100K GeneChip microarray data
In the present study, we performed 100K GeneChip microarray analyses of 26 primary MCL and six MCL cell lines. The use of short synthetic oligonucleotides as arrayed elements enabled the detection of genomic imbalances with high resolution (approximately 24 kb) and genotyping was performed simultaneously to identify regions of pUPD. Overall, the identified genomic imbalance pattern was consistent with those previously described by cytogenetics or arrayCGH studies in MCL (Kohlhammer et al, 2004; de Leeuw et al, 2004; Rubio-Moscardo et al, 2005b; Tagawa et al, 2005; Mestre-Escorihuela et al, 2007; Pinyol et al, 2007).
Using the GeneChip mapping technique, we not only delineated previously reported alterations but also identified novel regions of recurrent genomic imbalance in MCL. Taking advantage of the high resolution of the used SNP arrays, we focused on detecting high-level amplifications and small regions of homozygous loss. In this way, novel regions harbouring potential oncogenes or candidate TSG were identified that might be involved in tumourigenesis. Moreover, we introduced two useful bioinformatic approaches for identifying homozygous losses in 100K GeneChip data and point out advantages and disadvantages.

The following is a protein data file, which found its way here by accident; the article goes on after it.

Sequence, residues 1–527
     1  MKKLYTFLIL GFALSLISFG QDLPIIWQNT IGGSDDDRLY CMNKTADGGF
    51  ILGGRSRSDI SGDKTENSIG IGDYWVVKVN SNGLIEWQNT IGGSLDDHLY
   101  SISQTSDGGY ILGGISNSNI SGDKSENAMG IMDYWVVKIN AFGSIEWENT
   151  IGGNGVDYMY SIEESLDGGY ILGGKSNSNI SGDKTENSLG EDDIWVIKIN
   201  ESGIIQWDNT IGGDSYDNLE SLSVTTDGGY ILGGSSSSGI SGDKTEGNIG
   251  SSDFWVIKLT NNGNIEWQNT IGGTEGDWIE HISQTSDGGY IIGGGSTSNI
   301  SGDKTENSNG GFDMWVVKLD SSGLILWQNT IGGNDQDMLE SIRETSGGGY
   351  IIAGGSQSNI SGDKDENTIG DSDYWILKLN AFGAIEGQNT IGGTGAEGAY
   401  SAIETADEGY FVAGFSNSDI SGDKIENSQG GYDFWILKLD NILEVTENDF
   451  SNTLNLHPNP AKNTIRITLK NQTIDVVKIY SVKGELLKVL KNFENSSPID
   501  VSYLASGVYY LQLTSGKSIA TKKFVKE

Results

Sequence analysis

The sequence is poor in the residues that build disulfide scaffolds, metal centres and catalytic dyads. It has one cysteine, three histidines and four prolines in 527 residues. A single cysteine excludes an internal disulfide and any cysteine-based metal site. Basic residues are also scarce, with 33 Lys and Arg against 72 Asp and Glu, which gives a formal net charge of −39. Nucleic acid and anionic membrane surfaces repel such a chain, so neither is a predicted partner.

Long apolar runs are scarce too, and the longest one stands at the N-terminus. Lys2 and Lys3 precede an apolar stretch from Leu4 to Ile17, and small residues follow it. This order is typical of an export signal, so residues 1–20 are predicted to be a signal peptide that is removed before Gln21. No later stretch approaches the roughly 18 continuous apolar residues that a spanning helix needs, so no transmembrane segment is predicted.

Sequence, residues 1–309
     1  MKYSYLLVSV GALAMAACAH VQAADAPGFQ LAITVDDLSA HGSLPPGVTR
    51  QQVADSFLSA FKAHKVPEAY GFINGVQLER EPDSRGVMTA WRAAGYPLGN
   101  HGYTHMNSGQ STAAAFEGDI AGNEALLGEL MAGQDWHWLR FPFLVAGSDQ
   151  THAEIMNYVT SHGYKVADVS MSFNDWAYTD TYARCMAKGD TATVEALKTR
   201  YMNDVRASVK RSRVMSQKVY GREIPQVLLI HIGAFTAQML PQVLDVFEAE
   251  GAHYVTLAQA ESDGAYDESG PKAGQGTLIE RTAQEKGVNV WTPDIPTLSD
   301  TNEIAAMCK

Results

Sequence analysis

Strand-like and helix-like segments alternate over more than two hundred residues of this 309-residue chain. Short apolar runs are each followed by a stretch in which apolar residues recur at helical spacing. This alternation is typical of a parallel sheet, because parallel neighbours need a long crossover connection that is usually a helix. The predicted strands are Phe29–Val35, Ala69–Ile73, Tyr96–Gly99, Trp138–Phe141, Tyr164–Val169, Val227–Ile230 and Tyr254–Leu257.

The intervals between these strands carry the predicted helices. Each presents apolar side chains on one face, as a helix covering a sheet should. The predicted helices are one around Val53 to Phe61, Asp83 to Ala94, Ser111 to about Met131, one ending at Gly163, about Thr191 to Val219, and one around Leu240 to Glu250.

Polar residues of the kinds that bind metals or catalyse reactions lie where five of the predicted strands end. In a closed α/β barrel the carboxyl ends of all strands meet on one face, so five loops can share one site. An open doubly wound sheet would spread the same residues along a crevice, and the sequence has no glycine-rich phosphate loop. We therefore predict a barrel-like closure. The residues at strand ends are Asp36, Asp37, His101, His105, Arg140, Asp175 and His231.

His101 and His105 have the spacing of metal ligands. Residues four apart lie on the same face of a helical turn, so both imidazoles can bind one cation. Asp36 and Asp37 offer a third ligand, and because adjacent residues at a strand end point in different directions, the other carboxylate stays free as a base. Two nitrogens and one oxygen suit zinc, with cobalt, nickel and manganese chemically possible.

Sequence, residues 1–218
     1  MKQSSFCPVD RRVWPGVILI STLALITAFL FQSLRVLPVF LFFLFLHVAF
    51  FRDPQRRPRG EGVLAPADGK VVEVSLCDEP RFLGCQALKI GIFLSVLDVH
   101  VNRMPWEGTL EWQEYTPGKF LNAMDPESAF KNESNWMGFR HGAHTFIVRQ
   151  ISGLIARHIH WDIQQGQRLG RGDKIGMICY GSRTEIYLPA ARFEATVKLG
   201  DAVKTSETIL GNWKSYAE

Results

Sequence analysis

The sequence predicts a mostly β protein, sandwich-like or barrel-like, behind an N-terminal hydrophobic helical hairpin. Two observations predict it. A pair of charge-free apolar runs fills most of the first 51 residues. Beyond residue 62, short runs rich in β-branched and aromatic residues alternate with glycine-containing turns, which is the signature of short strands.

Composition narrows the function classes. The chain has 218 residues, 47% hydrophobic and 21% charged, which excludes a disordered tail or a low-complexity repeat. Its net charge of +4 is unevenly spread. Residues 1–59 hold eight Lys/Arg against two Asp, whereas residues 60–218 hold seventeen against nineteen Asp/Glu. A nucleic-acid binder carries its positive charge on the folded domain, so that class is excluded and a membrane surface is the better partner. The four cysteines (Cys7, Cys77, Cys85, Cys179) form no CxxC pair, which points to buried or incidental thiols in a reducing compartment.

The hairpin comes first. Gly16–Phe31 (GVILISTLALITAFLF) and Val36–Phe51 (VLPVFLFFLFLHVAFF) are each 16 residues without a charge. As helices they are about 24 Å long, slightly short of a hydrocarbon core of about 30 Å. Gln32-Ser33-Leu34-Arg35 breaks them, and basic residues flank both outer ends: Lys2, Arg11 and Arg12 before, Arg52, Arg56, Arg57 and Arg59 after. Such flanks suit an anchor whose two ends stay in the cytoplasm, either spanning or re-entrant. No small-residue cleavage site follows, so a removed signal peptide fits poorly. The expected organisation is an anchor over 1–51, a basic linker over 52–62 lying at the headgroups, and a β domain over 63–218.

In line with a recent study of five MCL cell lines (Nielaender et al, 2006), LOH analysis of primary MCL tumor tissue demonstrated that pUPD is a recurrent genetic mechanism in MCL tumourigenesis. Genomic distribution of detected pUPD in the analysed primary MCL showed that recurrently affected regions, such as 11q and 13q, are commonly targeted by deletions in MCL. Furthermore, we explicitly demonstrated TSG inactivation by pUPD targeting the TP53 locus in 17p13.1. A homozygous missense mutation affecting a DNA binding domain was detected. This mutation is frequent in lymphomas (28%) and has been reported to be deleterious for TP53-DNA interaction (http://www-p53.iarc.fr). TP53 inactivation by chromosomal deletion is a common chromosomal event in MCL and is associated with poor prognosis (Rubio-Moscardo et al, 2005b). The present study showed that pUPD is an alternative mechanism to chromosomal deletion leading to homozygosity of a TSG inactivating mutation. Thus, pUPD seems to be a critical genetic event in MCL pathogenesis.
Genes encoding microtubule-associated proteins as targets of chromosomal aberrations